Metaspectral, a company offering technology that derives real-time insights from AI using ultra-high-resolution, visible-to-infrared (hyperspectral) imagery, has been awarded over $300,000 in grant funding from the CleanBC Plastics Action Fund, which is funded by the BC Government and administered by Alacrity Cleantech.
The CleanBC Plastics Action Fund supports B.C. businesses creating value from used plastics by including more recycled material in product manufacturing to keep plastic out of landfills.
Metraspectral will use this funding for the development of computer vision, artificial intelligence, and robotics designed to sort consumer waste, increase efficiency in processing materials and improve the quality of post-consumer recycled plastic. The project is slated for completion by Dec. 31, 2021.
“By using ultra-high-resolution hyperspectral imaging, our AI is able to efficiently distinguish among types of plastics for accurate and easy sorting,” said Francis Doumet, CEO of Metaspectral. “It is impossible for humans to differentiate between different types of clear plastic bottles with the naked eye, so until now, various types of recycled clear plastics were sold together in bulk, decreasing the quality and value of the finished recycled material. Our technology will make it possible to differentiate between otherwise indistinguishable materials in real-time, automatically, meaning that large quantities of plastic can be sorted and recycled more efficiently and accurately.”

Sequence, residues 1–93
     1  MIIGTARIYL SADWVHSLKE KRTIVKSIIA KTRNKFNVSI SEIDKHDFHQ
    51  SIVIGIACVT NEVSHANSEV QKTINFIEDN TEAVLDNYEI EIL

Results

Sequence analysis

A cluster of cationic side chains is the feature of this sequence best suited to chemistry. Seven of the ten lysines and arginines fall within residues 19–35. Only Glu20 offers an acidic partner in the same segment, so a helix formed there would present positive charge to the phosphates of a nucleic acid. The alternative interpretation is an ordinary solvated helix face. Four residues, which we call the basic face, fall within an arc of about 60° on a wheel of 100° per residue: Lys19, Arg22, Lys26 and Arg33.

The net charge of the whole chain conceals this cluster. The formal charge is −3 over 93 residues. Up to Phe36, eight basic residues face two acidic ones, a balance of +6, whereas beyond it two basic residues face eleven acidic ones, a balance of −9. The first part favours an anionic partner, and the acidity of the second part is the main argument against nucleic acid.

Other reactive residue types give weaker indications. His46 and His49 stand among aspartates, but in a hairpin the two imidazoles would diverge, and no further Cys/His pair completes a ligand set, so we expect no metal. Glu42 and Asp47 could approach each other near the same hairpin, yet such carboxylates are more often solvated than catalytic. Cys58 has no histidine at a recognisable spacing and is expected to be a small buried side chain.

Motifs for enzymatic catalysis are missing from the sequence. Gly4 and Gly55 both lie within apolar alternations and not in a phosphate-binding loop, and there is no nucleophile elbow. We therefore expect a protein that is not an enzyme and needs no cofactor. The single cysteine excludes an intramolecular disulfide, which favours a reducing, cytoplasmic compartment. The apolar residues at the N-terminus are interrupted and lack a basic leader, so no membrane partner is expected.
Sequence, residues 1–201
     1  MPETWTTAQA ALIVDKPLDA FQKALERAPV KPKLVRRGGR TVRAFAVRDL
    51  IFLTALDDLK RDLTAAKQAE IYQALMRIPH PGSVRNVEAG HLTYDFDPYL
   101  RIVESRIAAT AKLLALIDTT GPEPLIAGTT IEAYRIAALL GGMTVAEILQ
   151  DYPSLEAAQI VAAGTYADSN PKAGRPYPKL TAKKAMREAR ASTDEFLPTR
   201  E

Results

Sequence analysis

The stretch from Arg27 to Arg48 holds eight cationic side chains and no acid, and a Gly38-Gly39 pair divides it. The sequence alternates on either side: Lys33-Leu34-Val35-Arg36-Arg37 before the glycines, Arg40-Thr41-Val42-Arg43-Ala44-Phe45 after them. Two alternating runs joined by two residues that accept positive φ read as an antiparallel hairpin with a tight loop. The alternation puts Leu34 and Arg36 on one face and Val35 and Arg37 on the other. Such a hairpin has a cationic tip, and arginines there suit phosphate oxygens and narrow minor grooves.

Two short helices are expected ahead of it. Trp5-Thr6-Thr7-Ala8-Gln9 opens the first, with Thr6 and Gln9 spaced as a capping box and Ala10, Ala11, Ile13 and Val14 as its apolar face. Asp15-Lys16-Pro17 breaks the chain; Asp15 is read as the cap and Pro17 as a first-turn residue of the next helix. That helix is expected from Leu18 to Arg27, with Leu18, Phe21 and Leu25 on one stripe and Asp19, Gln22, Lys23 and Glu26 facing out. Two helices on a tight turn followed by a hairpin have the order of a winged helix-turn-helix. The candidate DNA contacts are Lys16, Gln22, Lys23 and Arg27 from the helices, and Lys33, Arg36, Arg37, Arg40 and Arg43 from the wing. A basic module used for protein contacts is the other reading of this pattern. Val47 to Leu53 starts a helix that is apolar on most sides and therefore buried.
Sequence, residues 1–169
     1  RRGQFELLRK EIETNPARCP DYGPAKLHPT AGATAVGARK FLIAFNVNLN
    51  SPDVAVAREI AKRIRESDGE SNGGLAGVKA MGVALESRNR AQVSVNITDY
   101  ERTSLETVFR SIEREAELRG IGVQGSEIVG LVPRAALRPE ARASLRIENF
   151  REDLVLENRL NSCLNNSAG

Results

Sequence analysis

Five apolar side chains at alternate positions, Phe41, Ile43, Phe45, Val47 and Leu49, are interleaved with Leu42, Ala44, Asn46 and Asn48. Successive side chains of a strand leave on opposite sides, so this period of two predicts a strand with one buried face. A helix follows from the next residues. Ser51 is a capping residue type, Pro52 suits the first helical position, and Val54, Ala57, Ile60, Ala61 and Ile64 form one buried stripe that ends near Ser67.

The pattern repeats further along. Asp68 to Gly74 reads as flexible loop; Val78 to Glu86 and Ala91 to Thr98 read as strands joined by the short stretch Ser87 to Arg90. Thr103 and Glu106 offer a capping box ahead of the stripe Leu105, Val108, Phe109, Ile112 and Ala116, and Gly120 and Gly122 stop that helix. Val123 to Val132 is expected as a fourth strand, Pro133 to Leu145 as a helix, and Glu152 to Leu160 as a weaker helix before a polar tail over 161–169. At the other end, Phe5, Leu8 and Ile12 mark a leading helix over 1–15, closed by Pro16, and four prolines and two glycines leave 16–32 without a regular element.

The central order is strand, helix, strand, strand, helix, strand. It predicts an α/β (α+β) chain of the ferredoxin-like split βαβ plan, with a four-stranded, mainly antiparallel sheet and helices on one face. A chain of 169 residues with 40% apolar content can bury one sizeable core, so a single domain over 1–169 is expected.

This technology will support the circular economy for plastics and stimulate more local processing capacity for recycling as more manufacturers begin using the higher-quality recycled plastics. Both federal and provincial governments have set ambitious recycling targets and have endorsed policy agreements to reduce plastic waste. As such, Metaspectral’s technology will be an important ally in achieving those objectives. Metraspectral will also be contributing to the Government of Canada's Greening Government strategy of increasing the ratio of plastics that are recycled to 75% by 2030, up from 9% today.
(Source: Cision PR Web)